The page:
- Open Access
Adherence to Plasmodium vivax malaria treatment in the Brazilian Amazon Region
© Pereira et al; licensee BioMed Central Ltd. 2011
- Received: 2 August 2011
- Accepted: 13 December 2011
- Published: 13 December 2011
Patients' adherence to malaria treatment is an important factor in determining the therapeutic response to anti-malarial drugs. It contributes to the patient's complete recovery and prevents the emergence of parasite resistance to anti-malarial drugs. In Brazil, the low compliance with malaria treatment probably explains the large number of Plasmodium vivax malaria relapses observed in the past years. The goal of this study was to estimate the proportion of patients adhering to the P. vivax malaria treatment with chloroquine + primaquine in the dosages recommended by the Brazilian Ministry of Health.
Patients who were being treated for P. vivax malaria with chloroquine plus primaquine were eligible for the study. On the seventh day of taking primaquine, they were visited at their home and were interviewed. The patients were classified as probably adherent, if they reported having taken all the medication as prescribed, in the correct period of time and dosage, and had no medication tablets remaining; probably non-adherent, if they reported not having taken the medication, in the correct period of time and dosage, and did not show any remaining tablets; and certainly non-adherent, if they showed any remaining medication tablets.
242 of the 280 patients reported having correctly followed the prescribed instructions and represented a treatment adherence frequency (CI95%) of 86.4% (81.7%-90.1%). Of the 38 patients who did not follow the recommendations, 27 (9.6%) were still taking the medication on the day of the interview and, therefore, still had primaquine tablets left in the blister pack. These patients were then classified as certainly non-adherent to treatment. Although 11 patients did not show any tablets left, they reported incorrect use of the prescribed therapy regimen and were considered as probably non-adherent to treatment.
Compliance with the P. vivax malaria treatment is a characteristic of 242/280 patients in the surveyed region. However, the group of non-adherent patients can have an impact on the magnitude of transmission and relapses of P. vivax infections currently observed in the studied area. Simple practices can be introduced in the healthcare services in order to improve compliance with the treatment prescribed.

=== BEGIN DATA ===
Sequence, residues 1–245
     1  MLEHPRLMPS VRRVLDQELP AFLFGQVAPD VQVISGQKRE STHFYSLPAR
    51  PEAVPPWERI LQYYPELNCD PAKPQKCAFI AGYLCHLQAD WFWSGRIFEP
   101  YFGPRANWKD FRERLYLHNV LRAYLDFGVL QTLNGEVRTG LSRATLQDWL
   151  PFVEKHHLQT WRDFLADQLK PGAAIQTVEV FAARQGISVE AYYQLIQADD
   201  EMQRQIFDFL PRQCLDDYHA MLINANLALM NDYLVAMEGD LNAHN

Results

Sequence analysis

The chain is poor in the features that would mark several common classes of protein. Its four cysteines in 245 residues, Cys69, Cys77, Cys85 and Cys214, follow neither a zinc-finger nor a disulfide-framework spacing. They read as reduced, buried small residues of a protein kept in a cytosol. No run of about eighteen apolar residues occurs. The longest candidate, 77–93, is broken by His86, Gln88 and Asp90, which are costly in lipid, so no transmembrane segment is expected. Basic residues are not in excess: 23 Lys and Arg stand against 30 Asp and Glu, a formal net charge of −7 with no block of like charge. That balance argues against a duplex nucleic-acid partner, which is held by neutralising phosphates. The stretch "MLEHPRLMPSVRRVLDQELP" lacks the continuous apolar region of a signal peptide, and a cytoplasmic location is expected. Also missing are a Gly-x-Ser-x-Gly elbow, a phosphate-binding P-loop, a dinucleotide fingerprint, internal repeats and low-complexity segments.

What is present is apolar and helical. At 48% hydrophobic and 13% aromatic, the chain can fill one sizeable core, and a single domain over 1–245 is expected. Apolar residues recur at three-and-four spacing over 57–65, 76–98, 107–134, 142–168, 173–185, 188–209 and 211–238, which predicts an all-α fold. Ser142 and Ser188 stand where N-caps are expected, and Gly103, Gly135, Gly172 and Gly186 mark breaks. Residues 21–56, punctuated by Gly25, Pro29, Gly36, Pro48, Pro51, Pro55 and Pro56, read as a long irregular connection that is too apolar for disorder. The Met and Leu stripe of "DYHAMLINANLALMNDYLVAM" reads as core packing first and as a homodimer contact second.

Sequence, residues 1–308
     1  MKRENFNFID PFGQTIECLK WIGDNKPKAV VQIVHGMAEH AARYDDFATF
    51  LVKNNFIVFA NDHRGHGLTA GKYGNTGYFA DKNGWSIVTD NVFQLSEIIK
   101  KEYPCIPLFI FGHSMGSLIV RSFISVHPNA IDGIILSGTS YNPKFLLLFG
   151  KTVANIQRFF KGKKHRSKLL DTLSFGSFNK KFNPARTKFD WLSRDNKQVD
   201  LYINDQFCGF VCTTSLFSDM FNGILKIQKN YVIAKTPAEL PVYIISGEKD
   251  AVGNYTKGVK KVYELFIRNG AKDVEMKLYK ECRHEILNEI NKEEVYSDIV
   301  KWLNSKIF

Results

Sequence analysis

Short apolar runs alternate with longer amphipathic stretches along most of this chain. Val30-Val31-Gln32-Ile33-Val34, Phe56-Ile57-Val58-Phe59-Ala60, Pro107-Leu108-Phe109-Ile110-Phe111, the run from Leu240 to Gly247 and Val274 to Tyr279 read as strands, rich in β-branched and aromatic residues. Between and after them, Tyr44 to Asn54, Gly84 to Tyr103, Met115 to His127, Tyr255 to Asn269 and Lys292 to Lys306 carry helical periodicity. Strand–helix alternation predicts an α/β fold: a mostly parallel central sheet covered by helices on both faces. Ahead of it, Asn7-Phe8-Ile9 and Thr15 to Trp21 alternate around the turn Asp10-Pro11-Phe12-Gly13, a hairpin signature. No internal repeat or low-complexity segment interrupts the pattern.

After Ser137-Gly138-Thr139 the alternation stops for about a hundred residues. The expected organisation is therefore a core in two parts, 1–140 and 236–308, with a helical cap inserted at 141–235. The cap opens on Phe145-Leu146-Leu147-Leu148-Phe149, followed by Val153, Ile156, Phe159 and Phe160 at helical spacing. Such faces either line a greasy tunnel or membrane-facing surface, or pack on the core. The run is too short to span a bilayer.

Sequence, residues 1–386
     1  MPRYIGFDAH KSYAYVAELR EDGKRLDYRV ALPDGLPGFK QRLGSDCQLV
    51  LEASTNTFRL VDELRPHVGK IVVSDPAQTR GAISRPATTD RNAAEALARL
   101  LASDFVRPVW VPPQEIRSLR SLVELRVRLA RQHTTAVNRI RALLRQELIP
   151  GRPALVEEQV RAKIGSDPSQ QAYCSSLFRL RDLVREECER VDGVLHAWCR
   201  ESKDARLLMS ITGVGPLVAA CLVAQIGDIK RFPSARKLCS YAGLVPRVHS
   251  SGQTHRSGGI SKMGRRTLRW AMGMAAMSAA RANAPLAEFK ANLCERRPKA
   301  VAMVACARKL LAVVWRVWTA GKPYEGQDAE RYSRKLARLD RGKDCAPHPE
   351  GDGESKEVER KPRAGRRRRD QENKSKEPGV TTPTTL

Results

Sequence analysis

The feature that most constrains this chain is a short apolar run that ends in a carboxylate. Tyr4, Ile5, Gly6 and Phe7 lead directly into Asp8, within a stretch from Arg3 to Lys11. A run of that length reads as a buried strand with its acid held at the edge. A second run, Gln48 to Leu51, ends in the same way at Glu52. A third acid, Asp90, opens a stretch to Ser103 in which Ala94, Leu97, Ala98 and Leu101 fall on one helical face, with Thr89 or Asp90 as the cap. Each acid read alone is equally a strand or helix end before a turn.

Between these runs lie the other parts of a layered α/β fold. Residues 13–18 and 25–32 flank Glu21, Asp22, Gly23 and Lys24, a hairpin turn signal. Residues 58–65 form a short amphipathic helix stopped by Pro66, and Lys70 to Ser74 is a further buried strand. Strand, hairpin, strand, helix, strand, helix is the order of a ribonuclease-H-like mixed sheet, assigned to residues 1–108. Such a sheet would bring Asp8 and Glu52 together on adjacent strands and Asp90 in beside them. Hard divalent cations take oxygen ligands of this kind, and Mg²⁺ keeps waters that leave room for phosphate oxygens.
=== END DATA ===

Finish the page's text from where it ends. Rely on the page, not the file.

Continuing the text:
In 2010, 306,908 cases of malaria were recorded in Brazil, 85% of which were caused by Plasmodium vivax. The majority (99.7%) of such cases occurred in the Amazon Region , where P. vivax infections are treated with a chloroquine plus primaquine regimen. Although this regimen is effective in different dosages and/or duration of treatment for P. vivax malaria , several studies have reported therapy failures including those conducted in the Brazilian Amazon region [3, 4].
An unsuccessful malaria treatment can be determined by factors related to the patient, the parasite, and the treatment itself. Regarding patient-related aspects, it has been emphasized the patients' adherence to the treatment as an important factor in determining the therapeutic response to anti-malarial drugs, when a large number of treatments occur without medical supervision . It contributes to the patient's complete recovery and prevents the emergence of parasite resistance to anti-malarial drugs. In Brazil, the low compliance with malaria treatment probably explains the large number of P. vivax malaria relapses observed in the past years. This fact is more significant in areas with an unstable population, since it becomes difficult to follow up on patients during treatment, thus confirming the observations of Duarte and Gyorkos (2003), who emphasized low adherence to treatment as an important factor in predicting subsequent episodes of malaria in the same individual .
Several factors are associated with low adherence to the treatment of malaria. The most emphasized factors are bad instructions or patient not understanding the treatment instructions, patient forgetting to take the medication, disintegration or loss of the medication tablets, occurrence of side effects  and, in some instances, use of alcohol concomitantly with the medication, which was observed mainly in camping, settlement, and mining areas (Pereira, EA personal information). In the case of drugs such as chloroquine, which induce a quick clinical improvement with few adverse effects, the disappearance of the symptoms is also cited as an important reason for the early suspension of the treatment with primaquine . Inadequate prescription and dispensing of anti-malarials by health professionals are recognized as important causes of the low adherence to anti-malarial treatment . Studies performed to evaluate the use of primaquine to prevent relapses of P. vivax malaria have considered that such information is necessary to develop strategies for the rational use and control of anti-malarial drugs [7, 10].